Wednesday, January 6, 2010

On weaving and the weary mind

Like many fiber admirers, I am curious about textiles of all kinds.  I'd been curious about weaving for a while when I got my rigid heddle (RH) loom on ebay in 2008. I've made a few things on it: a scarf, some washcloths, a three-paneled blanket (my loom is 16" wide), and a few false starts. Weaving is fun, and the RH loom made it easy for me to get started and also get started on a library of rigid-heddle books ;)  And I already have a list of projects in my mind that I'd like to make. It's a great way to work with cotton, which I love but dislike knitting with. Of course, it is great with my beloved wool as well.

I'd been enjoying Weavezine for a while when I noticed this article on backstrap weaving. Wow! I could have a 2nd loom for very little money and try some new things. So after reading the article a few times and watching the associated videos, I found myself at Home Depot with some bits of wood and a fiendish grin. I joined weavolution and its Backstrap Weaving group, which is populated by friendly and helpful crafters.  I've been very much enjoying the Backstrap Weaving blog (Thank you Laverne!).

Here are my backstrap weavings to date and some of the books from which I have gleaned wisdom (I own these but have also made use of my excellent local library!):   

(we interrupt this post for some cursing because even though this image is NOT rotated before I upload, apparently blogger thinks this is what I want)  I apologize for any neck pain this may cause. Obviously I did not make the turtle but he is modeling a "karate belt" that I did make. That and the other orange strip were supposed to be new straps for one of my knitting bags but due to tension problems (the warp's, I think, not mine) I ended the second one early. Dear Son saw them laying next to the sewing machine and said what nice mini-scarves I'd made. So one went to him and the other to Dear Daughter. The larger strap with the green cords is a backstrap I wove (using an old T-shirt as a temporary backstrap).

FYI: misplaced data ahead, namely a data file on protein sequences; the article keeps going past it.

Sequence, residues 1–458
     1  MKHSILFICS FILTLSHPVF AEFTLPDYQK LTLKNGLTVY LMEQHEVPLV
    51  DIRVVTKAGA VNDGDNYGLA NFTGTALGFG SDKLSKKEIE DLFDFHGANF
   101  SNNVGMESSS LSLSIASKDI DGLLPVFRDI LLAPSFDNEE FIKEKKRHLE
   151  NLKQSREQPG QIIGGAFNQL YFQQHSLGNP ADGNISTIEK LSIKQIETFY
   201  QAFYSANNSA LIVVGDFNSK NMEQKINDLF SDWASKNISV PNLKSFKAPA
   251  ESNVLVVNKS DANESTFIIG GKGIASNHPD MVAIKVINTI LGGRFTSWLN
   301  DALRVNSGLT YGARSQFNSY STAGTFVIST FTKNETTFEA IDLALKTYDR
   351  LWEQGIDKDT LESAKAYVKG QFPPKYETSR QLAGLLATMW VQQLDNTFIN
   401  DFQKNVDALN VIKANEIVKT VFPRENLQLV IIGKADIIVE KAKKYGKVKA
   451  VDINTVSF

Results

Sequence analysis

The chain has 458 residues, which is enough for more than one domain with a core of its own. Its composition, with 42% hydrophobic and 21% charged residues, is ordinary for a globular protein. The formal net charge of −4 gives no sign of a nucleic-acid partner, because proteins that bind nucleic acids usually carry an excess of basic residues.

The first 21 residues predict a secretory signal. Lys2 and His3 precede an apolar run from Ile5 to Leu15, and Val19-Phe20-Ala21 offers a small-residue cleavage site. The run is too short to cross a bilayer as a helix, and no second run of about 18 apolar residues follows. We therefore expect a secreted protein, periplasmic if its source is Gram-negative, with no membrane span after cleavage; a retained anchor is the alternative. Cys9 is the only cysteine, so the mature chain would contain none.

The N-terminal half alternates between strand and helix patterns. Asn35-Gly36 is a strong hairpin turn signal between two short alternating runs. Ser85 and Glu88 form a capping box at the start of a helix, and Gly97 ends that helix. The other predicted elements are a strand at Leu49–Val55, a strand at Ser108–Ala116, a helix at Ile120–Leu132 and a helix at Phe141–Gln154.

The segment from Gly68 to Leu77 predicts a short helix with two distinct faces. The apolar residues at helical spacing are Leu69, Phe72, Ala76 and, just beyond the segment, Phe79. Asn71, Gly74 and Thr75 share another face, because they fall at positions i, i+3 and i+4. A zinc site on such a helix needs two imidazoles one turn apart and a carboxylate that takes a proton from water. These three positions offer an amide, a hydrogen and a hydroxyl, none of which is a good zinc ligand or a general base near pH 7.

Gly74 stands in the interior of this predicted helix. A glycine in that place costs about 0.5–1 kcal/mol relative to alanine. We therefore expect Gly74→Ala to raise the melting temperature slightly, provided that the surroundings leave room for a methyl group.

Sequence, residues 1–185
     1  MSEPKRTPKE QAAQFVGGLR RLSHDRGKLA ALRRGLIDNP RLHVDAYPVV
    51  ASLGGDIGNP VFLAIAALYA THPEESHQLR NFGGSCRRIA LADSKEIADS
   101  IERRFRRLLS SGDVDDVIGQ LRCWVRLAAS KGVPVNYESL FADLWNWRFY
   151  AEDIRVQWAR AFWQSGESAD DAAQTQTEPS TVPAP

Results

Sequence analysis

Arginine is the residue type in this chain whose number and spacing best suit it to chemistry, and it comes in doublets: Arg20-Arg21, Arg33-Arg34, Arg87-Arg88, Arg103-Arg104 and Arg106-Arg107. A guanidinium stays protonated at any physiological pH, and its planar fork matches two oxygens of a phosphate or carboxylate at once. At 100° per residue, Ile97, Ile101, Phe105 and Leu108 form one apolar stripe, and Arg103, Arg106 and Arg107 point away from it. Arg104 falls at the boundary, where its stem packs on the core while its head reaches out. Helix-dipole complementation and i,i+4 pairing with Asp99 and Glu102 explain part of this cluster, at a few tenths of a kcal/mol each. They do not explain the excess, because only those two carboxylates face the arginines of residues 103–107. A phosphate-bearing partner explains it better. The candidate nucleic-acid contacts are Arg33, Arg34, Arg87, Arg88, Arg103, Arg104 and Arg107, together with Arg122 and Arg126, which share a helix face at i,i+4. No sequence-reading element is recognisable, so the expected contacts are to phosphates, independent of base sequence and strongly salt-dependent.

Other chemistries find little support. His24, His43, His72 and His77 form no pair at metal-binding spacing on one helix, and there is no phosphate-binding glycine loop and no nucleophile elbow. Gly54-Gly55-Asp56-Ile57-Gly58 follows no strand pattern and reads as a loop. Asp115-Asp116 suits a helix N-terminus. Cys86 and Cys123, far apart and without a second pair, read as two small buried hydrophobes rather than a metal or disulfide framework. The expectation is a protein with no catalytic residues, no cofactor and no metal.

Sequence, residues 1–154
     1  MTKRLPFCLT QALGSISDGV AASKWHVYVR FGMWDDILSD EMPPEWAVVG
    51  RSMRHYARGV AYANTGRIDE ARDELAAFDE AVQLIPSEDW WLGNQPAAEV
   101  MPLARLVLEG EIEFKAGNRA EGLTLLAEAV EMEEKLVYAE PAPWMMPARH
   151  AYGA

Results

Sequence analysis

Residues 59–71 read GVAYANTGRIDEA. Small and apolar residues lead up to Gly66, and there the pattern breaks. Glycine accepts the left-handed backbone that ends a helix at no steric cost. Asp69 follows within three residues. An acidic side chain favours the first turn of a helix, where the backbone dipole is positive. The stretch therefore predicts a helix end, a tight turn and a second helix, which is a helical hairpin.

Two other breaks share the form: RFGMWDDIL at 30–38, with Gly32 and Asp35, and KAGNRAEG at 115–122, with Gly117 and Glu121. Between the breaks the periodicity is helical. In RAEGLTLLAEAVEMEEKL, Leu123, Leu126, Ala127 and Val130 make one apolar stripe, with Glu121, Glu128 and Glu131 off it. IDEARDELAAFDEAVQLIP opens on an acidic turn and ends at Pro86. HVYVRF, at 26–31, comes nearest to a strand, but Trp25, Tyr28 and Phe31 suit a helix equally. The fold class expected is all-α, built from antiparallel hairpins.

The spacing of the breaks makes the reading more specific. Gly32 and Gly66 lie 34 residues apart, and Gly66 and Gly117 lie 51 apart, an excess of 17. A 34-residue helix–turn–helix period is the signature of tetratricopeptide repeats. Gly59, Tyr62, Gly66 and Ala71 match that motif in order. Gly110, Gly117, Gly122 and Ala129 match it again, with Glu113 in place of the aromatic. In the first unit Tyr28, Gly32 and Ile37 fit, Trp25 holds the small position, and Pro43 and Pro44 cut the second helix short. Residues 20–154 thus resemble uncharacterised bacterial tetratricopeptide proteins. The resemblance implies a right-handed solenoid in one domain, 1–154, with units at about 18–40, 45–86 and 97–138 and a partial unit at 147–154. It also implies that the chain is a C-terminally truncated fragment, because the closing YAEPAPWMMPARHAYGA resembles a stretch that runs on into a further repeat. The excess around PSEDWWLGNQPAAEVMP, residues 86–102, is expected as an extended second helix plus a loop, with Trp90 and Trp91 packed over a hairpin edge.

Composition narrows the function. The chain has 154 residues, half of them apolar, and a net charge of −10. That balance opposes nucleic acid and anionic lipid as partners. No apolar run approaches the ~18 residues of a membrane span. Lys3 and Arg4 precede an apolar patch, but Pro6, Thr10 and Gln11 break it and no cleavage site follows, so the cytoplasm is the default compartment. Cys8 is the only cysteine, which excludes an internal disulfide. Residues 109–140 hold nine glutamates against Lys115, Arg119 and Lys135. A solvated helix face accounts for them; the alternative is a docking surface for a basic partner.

Backstrap weaving is still used by numerous people around the world although it is not so well-known in North America unless you read Weavezine. It allows you to use a continuous warp that you can weave all the way to the edges with no waste from  tying it onto the loom. It can be used for a variety of projects and for different types of color work, so its humble construction does not limit creativity in any way! I continue to be captivated by this technique even though I am not very good at it yet.
Arghh. I feel like I need Backstrap Weaving for Dummies. I thought it would be fun to learn a new fiber skill completely from scratch and a welcome distraction from the challenges of my life. I was having warp tension problems before Dear Hubby's health problems (which I will not be blogging about here) but apparently my being stressed is complicating things as well. Or maybe I can blame my warping board (loose peg?). I've had a lot more false starts than I did with my RH loom. It's easy to fine-tune warp tension on a RH loom because the warps are tied on in small groups. With a continous warp, it's got to be good from the get-go. I may try backstrap weaving with a non-continous warp to see if it goes better . . .

I've warped my RH loom for some more washcloths while I think about it.

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